De Kooning spent much of the early part of the 1940s—during his mid-thirties— abstracting subjects that he had first painted in the 1930s. Household items and seated men, among others, all received an Expressionist makeover, displaying elegant lines along with ripened color that propelled them out of the realm of realism: “The late
    1940s was when de Kooning first caught fire, when abstraction and figures first merged… from painting to painting, the single seated figure in the series grows less naturalistic, begins to lose its contours, to dissolve into its surroundings.” (H. Cotter, “De Kooning—A Retrospective’ at MoMA—Review”, The New York Times, September 15, 2011).

    Yet de Kooning’s body of work was immature until he found his most prized subject. De Kooning had married Elaine Fried in 1938, and he began experimenting with her shape in the mid-1940s. De Kooning, intentionally or not, suddenly found himself hearkening back to the habits of the Impressionists in his work— portraying the female subject in a series of intimate poses. The present lot, Study for Seated Woman, 1946-1948, reveals a female subject reclining on a chair; her right arm is raised and curved behind her head, while her left arm stretches outwards. Her parted knees are each distinct, one angular and rigorously executed with thick black lines, while the left knee is barely rendered in wispy strokes.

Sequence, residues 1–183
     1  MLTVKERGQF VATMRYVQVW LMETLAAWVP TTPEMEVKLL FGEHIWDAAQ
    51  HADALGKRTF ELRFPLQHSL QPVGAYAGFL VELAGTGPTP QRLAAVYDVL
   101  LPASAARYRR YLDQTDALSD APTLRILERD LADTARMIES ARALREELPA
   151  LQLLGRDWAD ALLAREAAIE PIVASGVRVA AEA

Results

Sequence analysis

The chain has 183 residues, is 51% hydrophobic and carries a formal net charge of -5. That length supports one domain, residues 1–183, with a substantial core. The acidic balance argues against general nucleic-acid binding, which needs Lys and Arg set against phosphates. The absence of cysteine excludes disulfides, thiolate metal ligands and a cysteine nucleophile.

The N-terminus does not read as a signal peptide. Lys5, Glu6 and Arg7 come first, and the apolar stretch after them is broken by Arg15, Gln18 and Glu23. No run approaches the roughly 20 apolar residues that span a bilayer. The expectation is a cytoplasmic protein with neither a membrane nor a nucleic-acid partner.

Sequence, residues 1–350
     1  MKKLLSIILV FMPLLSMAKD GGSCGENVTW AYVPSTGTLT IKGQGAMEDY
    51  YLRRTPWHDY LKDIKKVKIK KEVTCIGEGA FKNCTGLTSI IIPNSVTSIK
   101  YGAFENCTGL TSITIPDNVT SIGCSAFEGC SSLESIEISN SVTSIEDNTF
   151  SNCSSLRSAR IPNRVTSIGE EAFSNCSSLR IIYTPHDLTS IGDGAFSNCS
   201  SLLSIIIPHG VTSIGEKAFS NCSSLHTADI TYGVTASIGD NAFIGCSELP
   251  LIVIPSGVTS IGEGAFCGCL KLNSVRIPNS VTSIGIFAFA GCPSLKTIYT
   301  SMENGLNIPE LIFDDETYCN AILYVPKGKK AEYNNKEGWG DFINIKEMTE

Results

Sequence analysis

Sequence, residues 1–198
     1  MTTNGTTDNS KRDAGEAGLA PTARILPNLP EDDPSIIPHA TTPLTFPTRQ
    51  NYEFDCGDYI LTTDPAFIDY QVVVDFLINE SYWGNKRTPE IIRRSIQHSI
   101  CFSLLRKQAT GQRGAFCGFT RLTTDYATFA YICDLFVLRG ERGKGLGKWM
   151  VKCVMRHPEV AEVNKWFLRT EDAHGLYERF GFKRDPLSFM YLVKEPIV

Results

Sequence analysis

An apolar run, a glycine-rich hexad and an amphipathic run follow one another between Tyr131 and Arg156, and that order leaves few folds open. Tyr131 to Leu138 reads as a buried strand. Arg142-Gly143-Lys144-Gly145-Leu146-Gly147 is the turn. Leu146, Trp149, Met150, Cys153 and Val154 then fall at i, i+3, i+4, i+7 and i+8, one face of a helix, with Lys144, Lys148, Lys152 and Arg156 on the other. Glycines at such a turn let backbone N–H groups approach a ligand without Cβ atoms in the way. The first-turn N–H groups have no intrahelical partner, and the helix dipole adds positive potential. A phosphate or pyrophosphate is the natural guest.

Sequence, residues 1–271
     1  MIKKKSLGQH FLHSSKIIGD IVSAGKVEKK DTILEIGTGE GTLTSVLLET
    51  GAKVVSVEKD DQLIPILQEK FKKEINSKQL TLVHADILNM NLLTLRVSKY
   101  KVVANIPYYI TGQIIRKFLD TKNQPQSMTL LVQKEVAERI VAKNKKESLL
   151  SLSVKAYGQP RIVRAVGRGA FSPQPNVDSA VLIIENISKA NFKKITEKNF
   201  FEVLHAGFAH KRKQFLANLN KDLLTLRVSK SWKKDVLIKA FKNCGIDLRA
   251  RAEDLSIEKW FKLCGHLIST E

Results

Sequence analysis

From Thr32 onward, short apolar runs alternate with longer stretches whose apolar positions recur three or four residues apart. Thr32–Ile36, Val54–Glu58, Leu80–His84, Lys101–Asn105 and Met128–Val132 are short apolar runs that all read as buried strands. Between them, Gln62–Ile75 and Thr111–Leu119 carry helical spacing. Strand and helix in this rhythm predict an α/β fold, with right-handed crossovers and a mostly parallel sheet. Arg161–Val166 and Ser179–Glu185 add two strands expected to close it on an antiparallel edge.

Study for Seated Woman, 1946-1948, comes in de Kooning’s first wave of women paintings, a precursor to the full-fledged canvases of the early 1950s. What is remarkable about the present lot, other than its astounding formative value with regard to the creation of the later paintings, is de Kooning’s multitude of influences coming through in its shapes and lines. Like many other Abstract Expressionist artists of the 1940s, de Kooning worked hard to shake the overwhelming influence of Picasso in his paintings, yet we can clearly see snippets of cubist origin in the de Kooning’s mask-work. The triangular nose and angled head of the woman face upwards, contorted. In addition, we see the planes of the breast assume the shapes of the women in Picasso’s Les Demoiselles d’Avignon, 1907.